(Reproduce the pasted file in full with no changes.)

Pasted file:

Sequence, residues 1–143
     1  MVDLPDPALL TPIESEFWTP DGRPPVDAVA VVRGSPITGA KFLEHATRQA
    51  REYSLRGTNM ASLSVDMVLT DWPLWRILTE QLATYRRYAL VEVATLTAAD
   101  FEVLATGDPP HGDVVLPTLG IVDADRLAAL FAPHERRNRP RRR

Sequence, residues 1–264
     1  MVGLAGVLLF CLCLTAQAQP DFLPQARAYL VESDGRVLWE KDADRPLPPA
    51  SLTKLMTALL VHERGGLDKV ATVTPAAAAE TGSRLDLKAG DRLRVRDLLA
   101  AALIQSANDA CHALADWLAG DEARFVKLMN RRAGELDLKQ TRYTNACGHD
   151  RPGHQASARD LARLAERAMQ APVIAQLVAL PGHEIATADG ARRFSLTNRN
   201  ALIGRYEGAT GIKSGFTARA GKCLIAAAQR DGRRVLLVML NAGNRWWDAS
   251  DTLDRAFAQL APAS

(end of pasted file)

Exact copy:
Sequence, residues 1–143
     1  MVDLPDPALL TPIESEFWTP DGRPPVDAVA VVRGSPITGA KFLEHATRQA
    51  REYSLRGTNM ASLSVDMVLT DWPLWRILTE QLATYRRYAL VEVATLTAAD
   101  FEVLATGDPP HGDVVLPTLG IVDADRLAAL FAPHERRNRP RRR

Sequence, residues 1–264
     1  MVGLAGVLLF CLCLTAQAQP DFLPQARAYL VESDGRVLWE KDADRPLPPA
    51  SLTKLMTALL VHERGGLDKV ATVTPAAAAE TGSRLDLKAG DRLRVRDLLA
   101  AALIQSANDA CHALADWLAG DEARFVKLMN RRAGELDLKQ TRYTNACGHD
   151  RPGHQASARD LARLAERAMQ APVIAQLVAL PGHEIATADG ARRFSLTNRN
   201  ALIGRYEGAT GIKSGFTARA GKCLIAAAQR DGRRVLLVML NAGNRWWDAS
   251  DTLDRAFAQL APAS